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    May 6th, 2009 admin

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    Naming of the Flu



    A name is just a name, you said, names are just words you address a person or thing with. Instead of “Hey Buster”, you yelled: “John” , “Joe”, “Jane” or “Jill”, so that not everyone will turn to answer you at the same time. It can be embarrassing and annoying.

    But who will fortell, a simple name can become the “words of war”, that can be used as an economic weapon and a political tool in this recession.

    The word “swine”, as in swine flu, projected an image worse than those on TV, with people wearing masks everywhere, going about their daily chores. It reminds everyone the ghost of the SARS past. And it indicates, this time, it is coming from the pigs.

    People are jittery and scared. It can trigger further economic collapse during this recession time. Just look at the shrinking number of tourists in Mexico, except a few brave ones (and wait till they got home 🙂 ).

    The moaning and protests of the pig farmers, no matter what the World Health Organization stressed and re-stressed, this H1N1 virus is an air-born disease, and transmitted only by human to human contact. But do these countries listen, they still ban pork import.

    On the surface, we got the impression of people that are scared of a repeat of a pandemic like SARS. But don’t be fooled by them. If you look deeper, you will notice, these countires include Russia, China, Indonesia, Saudi Arabia etc, most of them are either pork producing countires themselves or Islamic countries that don’t eat pork anyway. This is just an excuse to wrap a trade war in the pig-skin of pandemic containment, with manipulative and purposeful cunning tactics, all in the name of the “Swine Flu”.

    Definitely we need to change the name. But how?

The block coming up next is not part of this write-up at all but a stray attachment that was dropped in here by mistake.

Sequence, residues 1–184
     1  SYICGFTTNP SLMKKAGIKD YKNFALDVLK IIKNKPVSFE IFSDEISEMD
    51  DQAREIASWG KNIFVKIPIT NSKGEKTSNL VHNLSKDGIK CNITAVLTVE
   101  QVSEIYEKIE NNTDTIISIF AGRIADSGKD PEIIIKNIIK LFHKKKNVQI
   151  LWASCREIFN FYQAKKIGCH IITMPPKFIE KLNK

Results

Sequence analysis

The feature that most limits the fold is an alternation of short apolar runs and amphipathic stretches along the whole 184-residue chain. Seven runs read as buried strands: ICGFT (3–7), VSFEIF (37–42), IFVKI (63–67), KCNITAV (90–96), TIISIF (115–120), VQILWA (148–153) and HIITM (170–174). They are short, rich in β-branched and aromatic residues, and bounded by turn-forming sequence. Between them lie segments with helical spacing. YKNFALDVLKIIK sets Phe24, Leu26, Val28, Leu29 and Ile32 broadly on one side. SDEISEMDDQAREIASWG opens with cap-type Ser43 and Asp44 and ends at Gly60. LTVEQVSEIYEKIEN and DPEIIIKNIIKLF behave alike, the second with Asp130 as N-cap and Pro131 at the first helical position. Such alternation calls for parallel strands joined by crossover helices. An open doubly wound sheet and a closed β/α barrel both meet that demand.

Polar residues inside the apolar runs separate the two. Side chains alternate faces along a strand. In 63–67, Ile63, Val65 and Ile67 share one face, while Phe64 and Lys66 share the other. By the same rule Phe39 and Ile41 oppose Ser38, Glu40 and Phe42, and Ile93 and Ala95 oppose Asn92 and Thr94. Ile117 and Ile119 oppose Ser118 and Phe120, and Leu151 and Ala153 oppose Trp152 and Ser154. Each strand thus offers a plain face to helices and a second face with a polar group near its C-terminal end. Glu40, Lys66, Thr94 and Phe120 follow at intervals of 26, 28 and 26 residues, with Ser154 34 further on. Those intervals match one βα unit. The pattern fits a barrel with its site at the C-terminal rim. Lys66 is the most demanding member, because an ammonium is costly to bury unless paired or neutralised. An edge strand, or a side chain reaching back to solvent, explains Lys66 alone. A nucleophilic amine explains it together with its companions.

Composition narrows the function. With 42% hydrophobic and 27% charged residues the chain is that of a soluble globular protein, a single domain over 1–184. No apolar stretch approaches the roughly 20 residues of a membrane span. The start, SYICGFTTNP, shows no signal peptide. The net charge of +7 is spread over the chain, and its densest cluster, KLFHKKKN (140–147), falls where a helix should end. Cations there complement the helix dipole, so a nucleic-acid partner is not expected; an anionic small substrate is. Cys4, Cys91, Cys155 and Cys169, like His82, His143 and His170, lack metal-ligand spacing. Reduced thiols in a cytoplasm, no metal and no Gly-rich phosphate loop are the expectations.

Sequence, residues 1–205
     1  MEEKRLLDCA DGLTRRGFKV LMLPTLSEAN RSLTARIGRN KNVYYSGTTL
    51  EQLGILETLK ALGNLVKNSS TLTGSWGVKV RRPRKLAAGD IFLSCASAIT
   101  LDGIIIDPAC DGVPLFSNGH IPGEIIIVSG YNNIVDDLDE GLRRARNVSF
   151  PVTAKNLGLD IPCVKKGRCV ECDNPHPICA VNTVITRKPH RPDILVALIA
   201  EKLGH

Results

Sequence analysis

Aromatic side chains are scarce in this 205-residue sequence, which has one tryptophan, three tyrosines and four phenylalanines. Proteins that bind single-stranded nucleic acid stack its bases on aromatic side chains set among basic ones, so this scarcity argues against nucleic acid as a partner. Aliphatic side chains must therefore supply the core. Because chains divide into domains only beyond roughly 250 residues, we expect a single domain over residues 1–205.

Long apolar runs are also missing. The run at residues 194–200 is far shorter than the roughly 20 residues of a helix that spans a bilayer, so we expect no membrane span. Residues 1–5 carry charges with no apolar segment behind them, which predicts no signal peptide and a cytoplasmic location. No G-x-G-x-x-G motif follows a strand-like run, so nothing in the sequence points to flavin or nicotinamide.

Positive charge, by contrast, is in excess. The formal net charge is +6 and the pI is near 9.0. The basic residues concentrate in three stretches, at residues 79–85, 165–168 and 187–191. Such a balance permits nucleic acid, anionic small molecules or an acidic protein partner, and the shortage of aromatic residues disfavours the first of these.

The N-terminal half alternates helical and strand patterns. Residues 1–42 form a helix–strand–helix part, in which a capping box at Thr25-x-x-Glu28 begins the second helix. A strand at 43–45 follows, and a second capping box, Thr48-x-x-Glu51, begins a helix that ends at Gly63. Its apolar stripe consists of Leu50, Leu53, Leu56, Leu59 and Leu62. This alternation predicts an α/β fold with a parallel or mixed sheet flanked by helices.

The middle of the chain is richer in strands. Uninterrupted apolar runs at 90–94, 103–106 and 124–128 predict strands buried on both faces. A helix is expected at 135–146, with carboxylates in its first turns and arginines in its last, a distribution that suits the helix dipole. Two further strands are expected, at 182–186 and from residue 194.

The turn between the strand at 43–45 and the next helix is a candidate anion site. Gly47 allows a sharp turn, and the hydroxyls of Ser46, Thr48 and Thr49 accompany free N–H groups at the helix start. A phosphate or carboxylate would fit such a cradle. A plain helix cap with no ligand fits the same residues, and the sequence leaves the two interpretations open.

Well, there are a number of ways.

    1.Hurricanes      During World War II, hurricanes were named after women; a practice that was in place until 1978. An international committee voted for a six-year rotating list of names that showed both gender equality (men’s and women’s names) and names with French, Spanish, Dutch and English backgrounds, as hurricanes affect a number of countries and are tracked internationally. That’s it, hurricanes and flu pandemic, they are both natural diasters that can spread like wild fire. As the saying go: birds of the same feathers should flock(or in this case, named) together.

    2.Babies     Parents name their child, usually based on popular names of the time, celebrities of movie stars status or characters on TV: Rachel, Jennifer, Emily etc for girls and Michael, Brad etc for boys. But mind you, these go in and out of fashion all the time. Remember Monica, this was popular due to the TV series Friends, until Bill Clinton’s cooled it. But this may not be practical, just imagine, the number of Johns or Janes that China will quantine.

    3.Source/Location     Name the source/location of origin. That’s what WHO used right from the beginning. They figured, the virus is genetically made up largely of the swine type of Influenza A, it should appropriately be named the swine flu. But who can fortell, suddenly it spelled trouble just from such a simple name.

    4.Family name      Use of family or full names is common, like the Rockefella, McDonald, Vera Wang, Anne Klein, Donna Karan etc, besides a boost to your ego, it remains within the family empire. So in our case, we may name the virus after the scientist who discovered or decoded it. Any taker?

    5.Generic     Use alphabets and numerics, and that is what WHO adopted just now, the H1N1. Still there may be problems, this is too similar to R2D2 of the STAR WAR, it can be a bit confusing, make people thinking of another SARS WAR 😉

    6.KISS     Keep It Simple, Stupid. So may be we just name it the KISSing disease, it is catchy, but also medically correct (it can be transmitted that way, not solely though). Sorry, no kissing please, we are Chinese (and in the middle of a pandemic).









  • April 29th, 2009

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    Recession to Swine Flu, from diaster to diaster


    It never rains, but pours.

    The images from Mexico are scary, people wearing masks everywhere. A reminder of the SARS past.

    But this time around, we are ready. Here are some of the lessons learned, so far.

    Quick Ided     The disease started in Mexico, and has been identified as H1N1 type A Influenza, a new type of virus that is a genetic mix of pig, bird and man influenza, and can be transmitted from human to human.

    Containment of outbreak     The World Health Organization has been monitoring the virus and its spread ever since the outbreak, although slowly upgrading its warning system, but surely. Individual countries and their health authorties are taking action and have their emergency plans in place, ready to tackle any pandemic, if ever it occurs.